Furious, a new film from Netflix, is much more than a film about street violence, although many of its most shocking scenes take place between fights and confrontations. However, the Polish film is more interested in exploring new ideas under what appears to be a dark crime drama. A resource that shows that behind the shootings, the bare-knuckle fights and its dark tone, there are complex premises. What is betrayal when you really face your own nature? Furious the perception of morality is constantly questioned and does so through a curious resource. The relationship between two brothers and the way in which this bond must feed a dense and increasingly complex plot.
In fact, director Cyprian T. Olencki is very aware of these little gray spaces that block the screenplay, which he also writes. The film insists on the perception that the dilemma facing its characters is beyond them and puts them to the test. But it’s not just an overwhelming tension that unites and separates them.
Also, the focus is on the setting that makes confrontation inevitable. When David (Mateusz Banasiuk) has to accept a police contract that will bring you back to the worst times of his past, he must also face his own darkness. Doctor and with a long history of violence, the character is a balance between two worlds.
On the one hand, the perception of fear and moral duty: David accepts police treatment to save his brother. At the same time, that part of him – raw, brutal and uncontrollable – which is always part of his nature. The director plays with the idea that even if David accepts police treatment because he has no other choice, it’s actually a trip to something wilder.
Furious he is aware of his film condition amidst two versions of the moral and the emotional. And he plays with both conceptions, in the middle of a change undermined by ultra-violence which surprises with its rhythm and its dark tone. Who are we when the past reminds us of our worst times? It seems to challenge the argument in its best and most difficult sections.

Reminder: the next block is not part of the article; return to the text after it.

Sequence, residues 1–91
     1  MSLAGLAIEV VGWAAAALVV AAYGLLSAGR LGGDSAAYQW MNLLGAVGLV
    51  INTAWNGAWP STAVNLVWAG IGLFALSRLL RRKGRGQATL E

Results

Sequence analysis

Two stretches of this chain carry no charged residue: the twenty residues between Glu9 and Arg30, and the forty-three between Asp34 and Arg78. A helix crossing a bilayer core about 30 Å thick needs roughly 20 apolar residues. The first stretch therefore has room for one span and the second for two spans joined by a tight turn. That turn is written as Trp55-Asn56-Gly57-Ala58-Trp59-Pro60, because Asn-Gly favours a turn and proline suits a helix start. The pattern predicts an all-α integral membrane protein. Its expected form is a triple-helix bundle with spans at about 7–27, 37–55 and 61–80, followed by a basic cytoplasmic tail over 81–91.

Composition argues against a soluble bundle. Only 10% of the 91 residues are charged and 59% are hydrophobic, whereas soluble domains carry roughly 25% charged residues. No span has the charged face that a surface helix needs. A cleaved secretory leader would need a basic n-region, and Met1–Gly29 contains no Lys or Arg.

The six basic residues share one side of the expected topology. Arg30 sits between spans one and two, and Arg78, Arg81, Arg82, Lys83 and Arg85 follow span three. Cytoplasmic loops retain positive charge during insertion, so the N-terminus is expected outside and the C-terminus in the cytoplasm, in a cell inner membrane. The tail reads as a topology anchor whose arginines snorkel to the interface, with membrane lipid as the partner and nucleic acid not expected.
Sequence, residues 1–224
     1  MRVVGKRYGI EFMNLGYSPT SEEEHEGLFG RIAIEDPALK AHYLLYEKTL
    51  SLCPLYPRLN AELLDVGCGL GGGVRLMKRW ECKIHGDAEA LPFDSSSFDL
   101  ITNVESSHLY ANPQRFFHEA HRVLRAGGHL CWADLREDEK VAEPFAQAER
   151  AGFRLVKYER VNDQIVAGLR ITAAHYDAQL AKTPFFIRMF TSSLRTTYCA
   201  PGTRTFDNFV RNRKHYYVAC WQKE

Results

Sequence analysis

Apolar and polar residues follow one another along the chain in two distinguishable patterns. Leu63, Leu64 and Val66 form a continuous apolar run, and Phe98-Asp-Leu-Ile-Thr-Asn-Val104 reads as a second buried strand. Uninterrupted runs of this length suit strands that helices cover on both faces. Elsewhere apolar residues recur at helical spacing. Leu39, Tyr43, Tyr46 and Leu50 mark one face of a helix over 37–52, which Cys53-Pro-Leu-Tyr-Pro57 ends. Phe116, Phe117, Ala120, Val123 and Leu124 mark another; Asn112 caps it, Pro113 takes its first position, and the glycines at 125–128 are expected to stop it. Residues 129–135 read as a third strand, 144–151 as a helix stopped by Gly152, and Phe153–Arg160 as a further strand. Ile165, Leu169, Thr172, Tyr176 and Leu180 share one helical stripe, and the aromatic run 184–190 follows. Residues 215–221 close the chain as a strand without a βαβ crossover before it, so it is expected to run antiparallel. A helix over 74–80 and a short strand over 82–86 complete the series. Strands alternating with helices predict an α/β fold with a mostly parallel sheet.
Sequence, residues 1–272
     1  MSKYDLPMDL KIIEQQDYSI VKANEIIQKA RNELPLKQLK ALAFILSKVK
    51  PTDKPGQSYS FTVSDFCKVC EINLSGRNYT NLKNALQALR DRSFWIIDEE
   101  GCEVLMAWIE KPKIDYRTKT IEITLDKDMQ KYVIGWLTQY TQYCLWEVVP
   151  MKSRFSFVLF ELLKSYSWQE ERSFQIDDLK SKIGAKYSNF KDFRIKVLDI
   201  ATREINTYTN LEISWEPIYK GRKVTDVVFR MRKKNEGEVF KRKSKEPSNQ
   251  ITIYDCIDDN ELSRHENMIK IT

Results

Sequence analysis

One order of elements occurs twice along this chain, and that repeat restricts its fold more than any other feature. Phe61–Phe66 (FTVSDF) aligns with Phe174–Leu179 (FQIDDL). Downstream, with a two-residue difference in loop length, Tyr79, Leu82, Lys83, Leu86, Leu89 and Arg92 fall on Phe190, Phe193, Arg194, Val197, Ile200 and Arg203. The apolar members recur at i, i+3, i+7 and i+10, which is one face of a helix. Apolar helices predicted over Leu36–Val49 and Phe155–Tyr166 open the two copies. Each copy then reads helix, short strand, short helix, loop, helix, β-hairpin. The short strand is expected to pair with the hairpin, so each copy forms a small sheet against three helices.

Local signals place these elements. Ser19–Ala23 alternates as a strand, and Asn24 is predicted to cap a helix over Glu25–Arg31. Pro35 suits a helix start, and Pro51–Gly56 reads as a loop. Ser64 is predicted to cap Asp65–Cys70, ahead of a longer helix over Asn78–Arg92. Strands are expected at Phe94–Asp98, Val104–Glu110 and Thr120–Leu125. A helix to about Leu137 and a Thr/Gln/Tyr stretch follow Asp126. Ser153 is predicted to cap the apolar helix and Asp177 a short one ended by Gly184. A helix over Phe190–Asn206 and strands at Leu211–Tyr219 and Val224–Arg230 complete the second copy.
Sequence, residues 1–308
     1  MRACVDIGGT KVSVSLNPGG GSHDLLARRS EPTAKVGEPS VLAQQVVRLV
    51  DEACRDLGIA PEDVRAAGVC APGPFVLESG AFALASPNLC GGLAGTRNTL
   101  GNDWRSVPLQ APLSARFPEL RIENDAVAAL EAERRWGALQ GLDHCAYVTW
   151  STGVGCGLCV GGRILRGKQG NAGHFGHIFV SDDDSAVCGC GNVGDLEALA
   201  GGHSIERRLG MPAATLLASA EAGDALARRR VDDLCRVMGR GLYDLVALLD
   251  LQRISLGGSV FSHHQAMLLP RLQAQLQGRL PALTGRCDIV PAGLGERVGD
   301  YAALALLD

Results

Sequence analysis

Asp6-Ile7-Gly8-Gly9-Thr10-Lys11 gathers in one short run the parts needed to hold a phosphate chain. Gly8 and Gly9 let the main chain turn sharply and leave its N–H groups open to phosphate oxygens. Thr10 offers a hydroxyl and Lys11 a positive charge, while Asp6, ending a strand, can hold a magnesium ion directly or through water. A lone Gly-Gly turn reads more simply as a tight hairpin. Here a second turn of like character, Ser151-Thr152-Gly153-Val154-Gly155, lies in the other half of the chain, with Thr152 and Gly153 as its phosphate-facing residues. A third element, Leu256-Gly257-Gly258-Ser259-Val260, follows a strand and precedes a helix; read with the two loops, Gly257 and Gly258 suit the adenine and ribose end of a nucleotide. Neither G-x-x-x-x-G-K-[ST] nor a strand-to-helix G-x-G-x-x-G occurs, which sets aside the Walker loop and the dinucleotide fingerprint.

The street as a setting for Furioza
At the other extreme, Furious it is also a police argument in its own right. The one who also develops a conception of the street as a scene of excess, horrors and a rare fraternity. Furious it’s a combination of narrative threads that come together at its most unsettling and powerful moments. The camera follows David through increasingly shocking and confusing spaces.
Little by little, the rhythm of the film becomes more and more frantic and its scenes harder. Furious does not hide that its plot depends more or less on the shocking nature of its fight scenes. hand to hand combat which transform the tension into a series of terrifying images filmed with particular care. Faces distorted by the blows, the night fire rising to show the devastating passage of the gangs. Claustrophobic spaces that show the innards of crime. Gradually, Furious becomes a detailed look at what lies beneath cities. The closed and formidable spaces that hide contemporary evil. Real violence and, ultimately, the worst of human nature.
For the film, infiltrating organized crime involves dehumanizing yourself and becoming a brutal creature. Also have the insistent awareness that you are being watched by those around you. David, in all its quality as a roadmap to complex places in the modern city transformed into an almost apocalyptic setting, he is a painful observer. Also the one he finds in the old places he remembers and which in a certain way reflect him, a twist to his convictions.
The street fight and the fear of the future
The character of David evolves little by little in the middle of an increasingly delicate film. Is he an infiltrator due to police treatment? To the fact that he must save his brother from the violence he already knows? Maybe it’s a part of him that ended up waking up in the middle of an ultra-violent context? In Furious nothing is obvious. Or at least, not what one would expect from a film that weighs its weight in its brutal mise-en-scène.
Furious surprises by defying expectations. With his conviction that violence is a primitive human evil, but also and inevitable, the film builds its own layer of reality. It’s this version of street horror sublimated into something more complex that makes it powerful. And perhaps, a rarity amid the cinematic violence so common today.